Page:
2 min read.Updated: 16 Jul 2019, 12:00 AM ISTTadit Kundu
Govt’s bid to hike tariffs on various goods, especially industrial supplies, to boost local production may impact the domestic industries using them as inputs
Nirmala Sitharaman made a clear embrace of protectionism in her maiden Union Budget. The list of items on which tariffs have been hiked or introduced is far longer than the list of tariff reductions. These tariff hikes, which are part of a broader push towards protectionism and promoting ‘Make in India’, will have important implications for Indian industry and the economy.
For a start, because of these tariffs, the government expects a net revenue gain of ₹25,000 crore in 2019-20. It also hopes to encourage domestic manufacturing in the process.
In total, Mint’s analysis of tariff proposals in the budget, suggests that around US$10.6 billion imports would face ‘protectionist’ tariff hikes. In other words, the items slapped with tariff hikes – excluding gold, silver and petroleum – accounted for US$10.6 billion dollars of imports in 2018-19.
Gold and silver are excluded from the analysis because unlike other items, duty hikes are primarily motivated by increasing the government’s revenue. Similarly, tariffs on the petroleum sector have more to do with bringing parity with domestic taxes rather than protectionism.
After all, imposing higher import duties on oil or gold cannot spur its domestic production as India lacks these resources
The budget’s tariff hikes have targeted select industries. Based on last year’s trade patterns, Mint’s analysis shows that the protectionist tariffs are mostly concentrated in five industries: electronics; chemicals, plastics and rubber; paper; automobile and steel. In terms of trade partners, China is likely to be the most impacted country as it accounts for one-fourth of the affected items by import value.
More importantly though, within these industries, around half of the items facing higher tariffs are industrial supplies. The government’s motivation is to encourage domestic production of these items but raising tariffs on such items, which are used as inputs by the domestic industry, can often backfire. For instance, the anti-dumping duty imposed on steel three years ago hurt many of India’s engineering and manufacturing firms. A protectionist policy and the associated uncertainty in tariff rates is likely to discourage foreign companies from establishing part of their manufacturing chains in India.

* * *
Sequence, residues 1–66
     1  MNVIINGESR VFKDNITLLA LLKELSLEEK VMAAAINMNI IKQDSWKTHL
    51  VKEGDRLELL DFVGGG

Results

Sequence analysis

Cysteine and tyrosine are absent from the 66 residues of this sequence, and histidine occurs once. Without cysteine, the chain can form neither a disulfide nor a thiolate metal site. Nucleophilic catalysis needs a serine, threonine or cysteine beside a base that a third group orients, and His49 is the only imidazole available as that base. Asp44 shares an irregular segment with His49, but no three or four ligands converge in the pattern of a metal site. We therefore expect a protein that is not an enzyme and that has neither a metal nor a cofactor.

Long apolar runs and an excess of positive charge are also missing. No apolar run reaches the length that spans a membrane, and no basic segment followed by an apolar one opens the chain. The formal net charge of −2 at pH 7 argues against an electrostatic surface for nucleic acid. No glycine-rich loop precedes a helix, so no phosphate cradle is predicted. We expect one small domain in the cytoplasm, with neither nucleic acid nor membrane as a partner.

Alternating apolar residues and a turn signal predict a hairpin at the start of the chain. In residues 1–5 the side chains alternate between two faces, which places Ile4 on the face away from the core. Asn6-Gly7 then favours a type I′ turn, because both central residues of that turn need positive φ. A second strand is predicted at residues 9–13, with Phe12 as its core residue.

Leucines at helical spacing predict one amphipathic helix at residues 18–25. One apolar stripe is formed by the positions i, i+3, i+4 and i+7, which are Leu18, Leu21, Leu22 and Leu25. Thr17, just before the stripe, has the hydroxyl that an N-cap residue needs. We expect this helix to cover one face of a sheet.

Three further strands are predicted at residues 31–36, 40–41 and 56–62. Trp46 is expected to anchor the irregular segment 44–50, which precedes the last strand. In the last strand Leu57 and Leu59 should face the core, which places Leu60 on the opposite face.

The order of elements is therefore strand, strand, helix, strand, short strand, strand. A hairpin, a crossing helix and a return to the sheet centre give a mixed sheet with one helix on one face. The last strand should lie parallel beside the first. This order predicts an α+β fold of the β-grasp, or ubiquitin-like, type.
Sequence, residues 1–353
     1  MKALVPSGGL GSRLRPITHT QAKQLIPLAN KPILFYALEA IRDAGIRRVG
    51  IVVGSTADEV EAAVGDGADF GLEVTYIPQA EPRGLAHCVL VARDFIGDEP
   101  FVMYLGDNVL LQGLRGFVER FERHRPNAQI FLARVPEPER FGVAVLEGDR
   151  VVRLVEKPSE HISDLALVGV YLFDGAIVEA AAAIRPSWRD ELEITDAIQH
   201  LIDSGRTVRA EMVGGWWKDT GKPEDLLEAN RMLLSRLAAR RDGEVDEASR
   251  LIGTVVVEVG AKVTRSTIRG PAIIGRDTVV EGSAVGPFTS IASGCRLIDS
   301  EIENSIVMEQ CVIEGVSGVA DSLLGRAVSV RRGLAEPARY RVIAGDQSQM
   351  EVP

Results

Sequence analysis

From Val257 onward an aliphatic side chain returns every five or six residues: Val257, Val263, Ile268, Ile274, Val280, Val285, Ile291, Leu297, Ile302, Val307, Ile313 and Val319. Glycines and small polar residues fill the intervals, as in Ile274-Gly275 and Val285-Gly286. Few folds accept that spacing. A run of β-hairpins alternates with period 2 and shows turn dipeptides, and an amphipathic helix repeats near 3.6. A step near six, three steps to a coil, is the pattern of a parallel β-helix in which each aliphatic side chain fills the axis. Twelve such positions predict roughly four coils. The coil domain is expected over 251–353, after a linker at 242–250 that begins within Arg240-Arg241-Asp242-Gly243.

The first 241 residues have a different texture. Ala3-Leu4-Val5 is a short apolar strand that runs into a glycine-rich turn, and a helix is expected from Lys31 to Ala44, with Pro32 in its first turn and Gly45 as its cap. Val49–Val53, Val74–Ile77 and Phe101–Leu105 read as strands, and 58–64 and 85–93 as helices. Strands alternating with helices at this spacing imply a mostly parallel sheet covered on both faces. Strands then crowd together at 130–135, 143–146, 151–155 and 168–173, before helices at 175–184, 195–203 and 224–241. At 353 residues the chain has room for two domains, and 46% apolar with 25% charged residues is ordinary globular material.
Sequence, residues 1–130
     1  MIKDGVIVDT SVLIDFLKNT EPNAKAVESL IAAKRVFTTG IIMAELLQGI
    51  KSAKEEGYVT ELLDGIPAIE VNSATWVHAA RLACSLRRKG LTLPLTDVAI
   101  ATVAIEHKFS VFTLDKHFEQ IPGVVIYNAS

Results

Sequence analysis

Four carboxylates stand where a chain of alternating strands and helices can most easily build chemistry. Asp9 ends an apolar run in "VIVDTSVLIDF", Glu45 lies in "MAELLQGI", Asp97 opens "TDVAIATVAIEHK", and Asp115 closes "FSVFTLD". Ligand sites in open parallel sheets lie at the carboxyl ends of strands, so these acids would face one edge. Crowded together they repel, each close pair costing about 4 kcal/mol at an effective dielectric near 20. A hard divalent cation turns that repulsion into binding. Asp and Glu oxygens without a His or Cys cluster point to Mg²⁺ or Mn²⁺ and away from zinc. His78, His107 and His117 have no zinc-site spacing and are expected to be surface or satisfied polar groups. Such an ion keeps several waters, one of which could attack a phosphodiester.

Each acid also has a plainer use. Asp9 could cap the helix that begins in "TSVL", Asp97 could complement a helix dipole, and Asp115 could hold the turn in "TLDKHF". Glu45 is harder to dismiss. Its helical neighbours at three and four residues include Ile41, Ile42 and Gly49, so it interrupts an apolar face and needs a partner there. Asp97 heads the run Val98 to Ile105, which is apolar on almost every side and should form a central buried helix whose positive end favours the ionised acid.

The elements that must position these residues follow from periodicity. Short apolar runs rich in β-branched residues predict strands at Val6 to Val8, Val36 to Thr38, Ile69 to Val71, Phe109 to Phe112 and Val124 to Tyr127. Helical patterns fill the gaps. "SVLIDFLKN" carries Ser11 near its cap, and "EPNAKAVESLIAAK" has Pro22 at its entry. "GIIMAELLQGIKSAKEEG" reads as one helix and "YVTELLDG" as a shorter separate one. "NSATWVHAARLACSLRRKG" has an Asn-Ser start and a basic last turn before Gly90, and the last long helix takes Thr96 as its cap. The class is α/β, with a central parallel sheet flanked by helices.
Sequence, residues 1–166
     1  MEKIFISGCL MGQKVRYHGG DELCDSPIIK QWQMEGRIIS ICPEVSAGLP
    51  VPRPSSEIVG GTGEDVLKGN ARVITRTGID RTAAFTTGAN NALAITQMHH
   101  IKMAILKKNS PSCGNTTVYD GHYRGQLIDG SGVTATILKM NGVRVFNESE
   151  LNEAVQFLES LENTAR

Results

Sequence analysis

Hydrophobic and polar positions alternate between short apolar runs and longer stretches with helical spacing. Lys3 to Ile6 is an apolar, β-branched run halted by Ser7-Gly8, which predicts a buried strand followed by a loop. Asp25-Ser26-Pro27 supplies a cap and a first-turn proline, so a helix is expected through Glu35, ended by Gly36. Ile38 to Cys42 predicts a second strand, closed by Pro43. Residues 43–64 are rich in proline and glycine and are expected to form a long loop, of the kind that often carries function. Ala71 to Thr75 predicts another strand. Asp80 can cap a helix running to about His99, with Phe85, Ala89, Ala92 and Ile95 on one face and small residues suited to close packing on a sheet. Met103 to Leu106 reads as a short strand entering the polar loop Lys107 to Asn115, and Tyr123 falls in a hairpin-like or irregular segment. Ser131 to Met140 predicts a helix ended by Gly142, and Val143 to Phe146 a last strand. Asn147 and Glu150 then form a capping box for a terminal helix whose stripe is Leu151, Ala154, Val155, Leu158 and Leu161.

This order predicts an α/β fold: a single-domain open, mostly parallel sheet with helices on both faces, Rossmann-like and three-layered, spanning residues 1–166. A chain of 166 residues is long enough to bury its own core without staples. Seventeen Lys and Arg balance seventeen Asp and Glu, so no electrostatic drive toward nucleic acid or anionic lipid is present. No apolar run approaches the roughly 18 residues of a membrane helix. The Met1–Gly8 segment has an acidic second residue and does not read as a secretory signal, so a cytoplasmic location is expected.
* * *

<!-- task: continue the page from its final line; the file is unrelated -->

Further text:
So is the government’s turn towards protectionism misplaced? The answer is not obvious.
While the effects of tariffs on GVC integration are clear, the effects of GVCs on India’s economy are less clear. After all, India is no stranger to GVCs. According to data from the Organisation for Economic Co-operation and Development (OECD), the share of foreign ‘value-added’ in India’s gross exports rose sharply from 9% in 1995 to 24% in 2011. However, despite the apparent rise in integration with the rest of the world, the share of manufacturing in India’s GDP has remained stagnant.
This apparent contradiction is often attributed to the fact that GVCs tend to trap poor countries into low-value add activities. GVCs apparently led to ‘hollowing out’ of India’s manufacturing sector, according to a 2014 Economic and Political Weekly article by Rashmi Banga, an economist with United Nations Centre for Trade and Development.
Against the backdrop of a global trade war, the Indian government appears to have embraced the view that globalization of production need not guarantee the development of domestic industry. And, consequently, it is pushing for domestic sourcing requirements in several industrial policies ranging from electric vehicles to retail to solar panels.
This type of protectionism and import-substitution was crucial for South Korea’s and Japan’s rapid industrialization. It remains to be seen whether India will replicate that success or will it simply lead to an inefficient domestic industry shielded by high tariffs.
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